3) I personally find studying with Tnotes is the best reference. Essentials lack a lot of information, only good if you don't have time, and for tables where they resume essential points. LMCC often quizzes us on small details, or ambiguous clinical decisions (i.e: either you know or not, if you hesitate, don't overthink, go with your intuition)

4) For IM questions, don't waste too much time to calculate the corrected Na with albumin and glycemia, not worth your time!

5) If you lack time for studying, I would suggest skip IM (not worth it, sometimes, it's those small details, that you won't really remember even after reading it once on a flip of page) ! For surgery, focus mainly on Gen surg & trauma (but again, the surgery content might vary for each candidate)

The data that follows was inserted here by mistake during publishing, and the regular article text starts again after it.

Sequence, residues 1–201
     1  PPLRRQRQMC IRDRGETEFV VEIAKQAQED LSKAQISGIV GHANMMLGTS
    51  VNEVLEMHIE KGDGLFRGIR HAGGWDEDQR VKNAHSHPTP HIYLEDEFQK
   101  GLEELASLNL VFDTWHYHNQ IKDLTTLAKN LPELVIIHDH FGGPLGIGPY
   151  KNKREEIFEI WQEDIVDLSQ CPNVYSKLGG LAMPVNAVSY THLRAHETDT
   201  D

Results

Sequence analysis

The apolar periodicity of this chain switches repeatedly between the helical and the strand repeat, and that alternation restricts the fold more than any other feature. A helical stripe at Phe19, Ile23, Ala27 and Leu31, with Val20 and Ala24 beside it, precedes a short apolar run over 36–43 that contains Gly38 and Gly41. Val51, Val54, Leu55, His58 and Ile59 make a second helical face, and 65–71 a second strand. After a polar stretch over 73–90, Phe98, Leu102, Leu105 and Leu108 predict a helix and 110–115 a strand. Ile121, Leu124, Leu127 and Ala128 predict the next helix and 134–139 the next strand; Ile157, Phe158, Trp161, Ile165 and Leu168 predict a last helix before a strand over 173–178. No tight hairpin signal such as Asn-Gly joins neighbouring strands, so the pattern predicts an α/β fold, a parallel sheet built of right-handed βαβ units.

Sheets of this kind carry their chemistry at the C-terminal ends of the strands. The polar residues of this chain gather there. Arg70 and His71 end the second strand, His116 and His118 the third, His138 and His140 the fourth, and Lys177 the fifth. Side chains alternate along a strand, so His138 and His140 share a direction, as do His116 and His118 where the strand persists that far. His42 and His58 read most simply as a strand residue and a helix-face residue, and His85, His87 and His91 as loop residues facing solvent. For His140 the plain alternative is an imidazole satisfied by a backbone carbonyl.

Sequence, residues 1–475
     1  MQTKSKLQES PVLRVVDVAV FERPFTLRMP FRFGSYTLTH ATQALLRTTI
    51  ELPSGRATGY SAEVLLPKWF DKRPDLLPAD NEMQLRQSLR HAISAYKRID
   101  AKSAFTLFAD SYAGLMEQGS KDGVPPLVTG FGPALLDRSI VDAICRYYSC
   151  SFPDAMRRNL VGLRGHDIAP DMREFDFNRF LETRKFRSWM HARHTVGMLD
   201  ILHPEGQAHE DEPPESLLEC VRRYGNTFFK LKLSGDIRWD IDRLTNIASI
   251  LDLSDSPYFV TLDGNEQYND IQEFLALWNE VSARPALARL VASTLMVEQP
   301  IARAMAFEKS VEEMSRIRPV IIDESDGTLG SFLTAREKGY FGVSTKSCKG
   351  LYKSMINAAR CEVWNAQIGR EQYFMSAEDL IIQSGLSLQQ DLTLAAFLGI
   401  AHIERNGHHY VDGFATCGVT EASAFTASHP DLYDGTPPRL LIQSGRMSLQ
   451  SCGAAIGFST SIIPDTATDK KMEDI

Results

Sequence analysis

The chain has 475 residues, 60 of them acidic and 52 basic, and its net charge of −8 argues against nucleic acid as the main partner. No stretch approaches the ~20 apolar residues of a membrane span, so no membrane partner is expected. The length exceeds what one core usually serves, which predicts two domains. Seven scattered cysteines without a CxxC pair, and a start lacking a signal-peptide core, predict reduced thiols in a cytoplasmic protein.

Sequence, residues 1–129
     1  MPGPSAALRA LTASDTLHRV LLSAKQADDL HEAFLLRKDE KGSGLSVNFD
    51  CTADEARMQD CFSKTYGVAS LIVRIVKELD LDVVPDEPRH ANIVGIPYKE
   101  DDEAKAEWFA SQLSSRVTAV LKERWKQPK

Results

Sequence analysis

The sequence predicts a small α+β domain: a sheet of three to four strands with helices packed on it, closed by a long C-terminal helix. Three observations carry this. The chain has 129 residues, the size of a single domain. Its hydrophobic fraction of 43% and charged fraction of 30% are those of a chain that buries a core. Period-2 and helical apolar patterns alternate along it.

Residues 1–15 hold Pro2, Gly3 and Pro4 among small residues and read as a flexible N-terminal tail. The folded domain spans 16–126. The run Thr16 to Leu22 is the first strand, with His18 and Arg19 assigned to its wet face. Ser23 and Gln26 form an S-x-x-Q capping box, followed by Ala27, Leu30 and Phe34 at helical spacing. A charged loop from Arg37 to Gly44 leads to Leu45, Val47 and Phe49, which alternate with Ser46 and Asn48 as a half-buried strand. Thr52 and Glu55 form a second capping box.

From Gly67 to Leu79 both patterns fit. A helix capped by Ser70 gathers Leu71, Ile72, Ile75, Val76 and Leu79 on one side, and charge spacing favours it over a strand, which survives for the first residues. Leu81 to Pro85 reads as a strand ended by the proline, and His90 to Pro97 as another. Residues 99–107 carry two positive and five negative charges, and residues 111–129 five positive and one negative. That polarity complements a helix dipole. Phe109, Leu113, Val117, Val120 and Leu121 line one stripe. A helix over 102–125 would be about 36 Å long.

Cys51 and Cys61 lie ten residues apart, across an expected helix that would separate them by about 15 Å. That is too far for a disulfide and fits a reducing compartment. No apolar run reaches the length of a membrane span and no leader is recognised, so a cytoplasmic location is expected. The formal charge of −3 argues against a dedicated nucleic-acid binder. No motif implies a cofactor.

For CMGs, I believe that the 95% of success rate! Don't over-stress, sleep and plan your study ahead of time!! :)

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I learnt a lot from this forum, so I thought I share my thoughts about the MCCQE1 for future students.

1) Total study time: ~6 weeks, but only ~2h daily during the first 5 weeks due to elective commitments. I did intensive studying (10h daily) during the last 9 days. Rested the day before the exam.  

2) Reference material: Mostly from personal notes I made during clerkship. Used Toronto Notes mainly for the ethics, medicolegal and public health components.

3) QuestionBank: Only Canada QBank. I did the voluntary SAE offered by my school, but did not pay to do the extra SAEs offered by LMCC. No UWorld, since I have no intention of writing the USMLE. It's good practice, but nothing comes close to the actual MCCQE1.